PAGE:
Hi, hoping someone can answer a question for me. I'm curious about low water hooks, when we are using such a variety of density of polyleaders does having a slightly thinner gauge hook really impact the depth at which the fly is fished?
Ken3591, I've never got my head round the low water hook concept!.I just can't see the point of fishing a smaller lighter flee in low water on a 'ook thats bigger!
I can understand a point of argument towards it, but the practicalities in my eyes far outweigh any benefits!.
As such I tend to stick with the same pattern of hook, but just go smaller.
I will say over the past few years I've gravitated towards tiny little tube flee's and deadly sharp wee terribles to match!.I'm also happy(apart from the personal damage to my fingers) with tying tiny flee's on Partridge X2B's as low as size 16.My own feelings are, size is important and when the water's dropping low you deffo. at times need far less impact from yer flee!
As you say, it's also in my portfolio to use polys. and flurocarbon to get a little depth when it's needed.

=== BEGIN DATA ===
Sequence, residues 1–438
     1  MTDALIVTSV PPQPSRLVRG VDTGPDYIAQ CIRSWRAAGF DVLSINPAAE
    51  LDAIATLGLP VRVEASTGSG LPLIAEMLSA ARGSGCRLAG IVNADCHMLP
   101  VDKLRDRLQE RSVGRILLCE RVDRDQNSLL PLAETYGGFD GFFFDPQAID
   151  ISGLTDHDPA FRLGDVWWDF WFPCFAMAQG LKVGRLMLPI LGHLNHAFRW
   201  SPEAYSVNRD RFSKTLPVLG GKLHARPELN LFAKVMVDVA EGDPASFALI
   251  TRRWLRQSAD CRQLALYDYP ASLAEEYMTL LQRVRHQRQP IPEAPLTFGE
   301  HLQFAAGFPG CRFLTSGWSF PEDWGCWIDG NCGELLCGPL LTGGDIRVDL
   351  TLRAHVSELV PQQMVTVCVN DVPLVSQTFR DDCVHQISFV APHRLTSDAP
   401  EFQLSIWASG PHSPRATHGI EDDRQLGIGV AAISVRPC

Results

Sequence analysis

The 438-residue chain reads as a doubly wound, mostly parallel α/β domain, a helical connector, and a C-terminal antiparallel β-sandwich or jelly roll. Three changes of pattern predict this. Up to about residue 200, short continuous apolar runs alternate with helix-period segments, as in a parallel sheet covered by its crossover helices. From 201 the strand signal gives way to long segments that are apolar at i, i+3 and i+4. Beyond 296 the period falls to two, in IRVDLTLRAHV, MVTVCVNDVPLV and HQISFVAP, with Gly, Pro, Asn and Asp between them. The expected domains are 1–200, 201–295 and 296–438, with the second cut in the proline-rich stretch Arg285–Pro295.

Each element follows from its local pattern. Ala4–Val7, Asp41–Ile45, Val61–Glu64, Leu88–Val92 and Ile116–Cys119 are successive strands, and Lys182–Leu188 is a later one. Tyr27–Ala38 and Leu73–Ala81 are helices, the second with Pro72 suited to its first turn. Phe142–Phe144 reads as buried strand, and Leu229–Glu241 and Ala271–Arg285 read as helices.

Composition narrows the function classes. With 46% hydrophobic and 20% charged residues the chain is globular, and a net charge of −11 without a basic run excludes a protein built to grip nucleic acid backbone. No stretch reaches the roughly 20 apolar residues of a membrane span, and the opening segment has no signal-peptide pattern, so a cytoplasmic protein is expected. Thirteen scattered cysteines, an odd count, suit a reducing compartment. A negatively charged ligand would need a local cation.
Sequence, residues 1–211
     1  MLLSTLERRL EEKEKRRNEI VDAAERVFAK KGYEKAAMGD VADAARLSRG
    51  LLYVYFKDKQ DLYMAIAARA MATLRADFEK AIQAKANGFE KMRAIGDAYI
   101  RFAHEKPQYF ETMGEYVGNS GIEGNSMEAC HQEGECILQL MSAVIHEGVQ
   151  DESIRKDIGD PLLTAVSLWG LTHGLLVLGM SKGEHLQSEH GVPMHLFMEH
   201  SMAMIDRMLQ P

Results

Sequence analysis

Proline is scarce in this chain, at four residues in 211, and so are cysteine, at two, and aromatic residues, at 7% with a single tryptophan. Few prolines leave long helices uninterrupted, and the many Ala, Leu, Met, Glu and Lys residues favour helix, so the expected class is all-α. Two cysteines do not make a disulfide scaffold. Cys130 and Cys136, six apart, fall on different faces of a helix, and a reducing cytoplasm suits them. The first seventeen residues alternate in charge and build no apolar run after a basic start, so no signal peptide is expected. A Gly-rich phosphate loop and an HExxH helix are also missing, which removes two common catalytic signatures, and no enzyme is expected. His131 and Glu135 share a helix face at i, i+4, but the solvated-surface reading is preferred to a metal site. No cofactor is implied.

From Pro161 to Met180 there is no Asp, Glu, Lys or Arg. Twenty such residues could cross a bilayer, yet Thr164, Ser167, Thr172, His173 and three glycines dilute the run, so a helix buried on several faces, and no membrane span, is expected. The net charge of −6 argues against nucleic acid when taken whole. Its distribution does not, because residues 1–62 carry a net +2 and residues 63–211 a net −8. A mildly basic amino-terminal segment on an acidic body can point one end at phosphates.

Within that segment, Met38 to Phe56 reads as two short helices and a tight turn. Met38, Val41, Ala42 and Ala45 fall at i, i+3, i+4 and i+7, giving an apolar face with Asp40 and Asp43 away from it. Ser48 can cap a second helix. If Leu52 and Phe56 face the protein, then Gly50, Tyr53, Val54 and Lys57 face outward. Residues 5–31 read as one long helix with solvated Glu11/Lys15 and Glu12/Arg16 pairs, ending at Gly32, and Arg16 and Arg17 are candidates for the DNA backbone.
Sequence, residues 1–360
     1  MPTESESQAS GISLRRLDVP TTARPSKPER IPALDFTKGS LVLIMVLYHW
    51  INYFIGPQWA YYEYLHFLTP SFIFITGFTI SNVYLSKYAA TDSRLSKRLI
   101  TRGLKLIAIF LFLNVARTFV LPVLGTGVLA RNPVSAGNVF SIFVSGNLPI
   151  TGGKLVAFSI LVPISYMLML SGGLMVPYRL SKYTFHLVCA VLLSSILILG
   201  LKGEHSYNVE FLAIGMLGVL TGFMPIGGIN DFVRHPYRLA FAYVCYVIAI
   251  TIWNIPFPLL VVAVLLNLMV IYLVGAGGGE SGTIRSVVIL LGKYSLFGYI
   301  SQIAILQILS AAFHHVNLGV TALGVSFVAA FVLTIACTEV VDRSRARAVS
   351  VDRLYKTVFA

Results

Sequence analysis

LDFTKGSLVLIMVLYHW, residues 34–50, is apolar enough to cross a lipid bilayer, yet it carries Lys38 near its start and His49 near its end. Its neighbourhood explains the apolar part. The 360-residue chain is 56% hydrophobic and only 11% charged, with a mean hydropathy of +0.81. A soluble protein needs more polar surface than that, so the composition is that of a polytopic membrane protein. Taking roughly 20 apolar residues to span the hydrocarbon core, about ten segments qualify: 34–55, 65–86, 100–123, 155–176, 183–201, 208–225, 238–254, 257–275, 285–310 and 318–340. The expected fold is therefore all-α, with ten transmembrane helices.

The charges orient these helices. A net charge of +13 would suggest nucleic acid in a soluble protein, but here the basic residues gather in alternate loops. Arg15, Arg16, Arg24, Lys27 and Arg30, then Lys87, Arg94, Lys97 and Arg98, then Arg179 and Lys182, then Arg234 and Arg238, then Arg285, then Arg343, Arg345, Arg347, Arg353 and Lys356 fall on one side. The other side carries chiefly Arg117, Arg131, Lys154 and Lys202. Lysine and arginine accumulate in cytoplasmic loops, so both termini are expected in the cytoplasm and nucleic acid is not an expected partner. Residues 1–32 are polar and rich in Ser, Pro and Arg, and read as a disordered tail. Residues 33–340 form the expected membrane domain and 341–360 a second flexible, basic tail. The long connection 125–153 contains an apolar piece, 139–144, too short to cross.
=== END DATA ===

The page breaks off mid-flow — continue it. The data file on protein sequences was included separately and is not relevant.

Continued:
Interesting one this, I must admit to being a bit basic and old fashioned to my approach in using the old fashioned 9-12ft of maxima directly nail knotted on the end of a#8-9 carron line or michael evans lakeline on the single hander in low water.first fly of choice is a munro killer plastic tube 1/4 or 1/2 inch body which has been the most succesfull over the years but if I have trouble with the fly skating I switch to a low water single dressed half the length of the shank but super slim with a wire rib and silk for the body thin wing etc and they seem too work but do catch more with the tube Ijust think less loop too loop connections make for better presentation in low water-who knows we are all learners at this even after years best onelastcast